Grohol, J. M. (2016, May 17). An overview of dialectical behavior therapy. Psych Central. //psychcentral.com/lib/an-overview-of-dialectical-behavior-therapy/, //psychcentral.com/lib/an-overview-of-dialectical-behavior-therapy/
Gwynedd Mercy College. (2020). What is applied psychology? Top applied psychology careers. https://www.gmercyu.edu/academics/learn/what-is-applied-psychology
Just Mind. (2020). What is the difference between a therapist and psychologist? Just Mind. https://justmind.org/what-is-the-difference-between-a-therapist-and-psychologist/
Klerman, G. L., Dimascio, A., Weissman, M., Prusoff, B., & Paykel, E. S. (1974). Treatment of depression by drugs and psychotherapy. The American Journal of Psychiatry, 131(2), 186–191. https://doi.org/10.1176/ajp.131.2.186
Livingston, J. D., Milne, T., Fang, M. L., & Amari, E. (2012). The effectiveness of interventions for reducing stigma related to substance use disorders: A systematic review. Addiction (Abingdon, England), 107(1), 39–50. https://doi.org/10.1111/j.1360-0443.2011.03601.x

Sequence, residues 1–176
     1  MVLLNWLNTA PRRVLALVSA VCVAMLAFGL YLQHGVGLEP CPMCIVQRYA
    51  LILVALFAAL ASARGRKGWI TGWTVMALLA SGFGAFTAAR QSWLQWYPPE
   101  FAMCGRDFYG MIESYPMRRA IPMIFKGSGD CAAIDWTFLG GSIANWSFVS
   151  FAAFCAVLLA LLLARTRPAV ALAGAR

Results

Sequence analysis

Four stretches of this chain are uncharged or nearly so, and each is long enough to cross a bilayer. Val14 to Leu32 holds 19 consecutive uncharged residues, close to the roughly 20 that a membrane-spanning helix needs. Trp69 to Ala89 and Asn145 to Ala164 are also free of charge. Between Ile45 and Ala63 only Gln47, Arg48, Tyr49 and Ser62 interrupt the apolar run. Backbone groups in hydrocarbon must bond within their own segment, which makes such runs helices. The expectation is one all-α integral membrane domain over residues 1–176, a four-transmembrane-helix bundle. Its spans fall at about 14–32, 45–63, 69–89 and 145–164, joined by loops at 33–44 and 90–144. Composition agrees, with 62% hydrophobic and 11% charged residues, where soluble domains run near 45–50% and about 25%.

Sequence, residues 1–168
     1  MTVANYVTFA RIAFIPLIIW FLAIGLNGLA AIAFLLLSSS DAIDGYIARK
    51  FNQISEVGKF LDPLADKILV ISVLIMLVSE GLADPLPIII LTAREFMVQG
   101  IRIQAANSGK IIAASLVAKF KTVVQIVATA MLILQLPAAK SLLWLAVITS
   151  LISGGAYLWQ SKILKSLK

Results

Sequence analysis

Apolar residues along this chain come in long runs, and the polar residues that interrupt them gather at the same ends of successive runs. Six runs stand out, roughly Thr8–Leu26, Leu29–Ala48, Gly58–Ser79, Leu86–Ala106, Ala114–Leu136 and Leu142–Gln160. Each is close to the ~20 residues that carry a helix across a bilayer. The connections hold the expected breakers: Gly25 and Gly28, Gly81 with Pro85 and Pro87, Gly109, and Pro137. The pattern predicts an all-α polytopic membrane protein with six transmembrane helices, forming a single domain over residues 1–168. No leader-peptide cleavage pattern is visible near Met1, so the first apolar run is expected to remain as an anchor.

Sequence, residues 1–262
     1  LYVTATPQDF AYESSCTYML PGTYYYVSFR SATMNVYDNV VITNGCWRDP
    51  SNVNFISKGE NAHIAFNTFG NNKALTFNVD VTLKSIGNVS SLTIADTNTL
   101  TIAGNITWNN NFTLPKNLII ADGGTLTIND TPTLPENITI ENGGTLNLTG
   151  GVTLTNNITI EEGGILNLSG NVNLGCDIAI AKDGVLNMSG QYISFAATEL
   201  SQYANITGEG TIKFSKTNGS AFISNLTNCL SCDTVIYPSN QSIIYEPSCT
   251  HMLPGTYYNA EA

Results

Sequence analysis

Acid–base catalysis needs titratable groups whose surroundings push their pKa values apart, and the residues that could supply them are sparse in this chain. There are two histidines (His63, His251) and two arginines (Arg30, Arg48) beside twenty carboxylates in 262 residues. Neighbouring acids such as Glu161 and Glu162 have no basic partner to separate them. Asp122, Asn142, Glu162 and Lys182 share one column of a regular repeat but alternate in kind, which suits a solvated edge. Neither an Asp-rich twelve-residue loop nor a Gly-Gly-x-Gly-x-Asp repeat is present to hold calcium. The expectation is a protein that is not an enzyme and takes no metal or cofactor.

Ociskova, M., Prasko, J., Vrbova, K., Kasalova, P., Holubova, M., Grambal, A., & Machu, K. (2018). Self-stigma and treatment effectiveness in patients with anxiety disorders – a mediation analysis. Neuropsychiatric Disease and Treatment, 14, 383–392. https://doi.org/10.2147/NDT.S152208
Online MSW Programs. (2020). How to become a licensed clinical social worker(Lcsw). https://www.onlinemswprograms.com/careers/how-to-become-a-licensed-clinical-social-worker.html
Pradhan, B.K. (2014). Yoga and Mindfulness Based Cognitive Therapy: A Clinical Guide. Springer, Switzerland.
Pradhan, B., K., D’Amico, J., Makani, R., & Parikh, T. (2016). Nonconventional interventions for chronic post-traumatic stress disorder: Ketamine, repetitive trans-cranial magnetic stimulation (Rtms), and alternative approaches. Journal of Trauma & Dissociation, 17(1), 35–54. https://doi.org/10.1080/15299732.2015.1046101
Pradhan, B., Mitrev, L., Moaddell, R., & Wainer, I. W. (2018). D -serine is a potential biomarker for clinical response in treatment of post-traumatic stress disorder using (R , s)-ketamine infusion and timber psychotherapy: A pilot study. Biochimica et Biophysica Acta (BBA) – Proteins and Proteomics, 1866(7), 831–839. https://doi.org/10.1016/j.bbapap.2018.03.006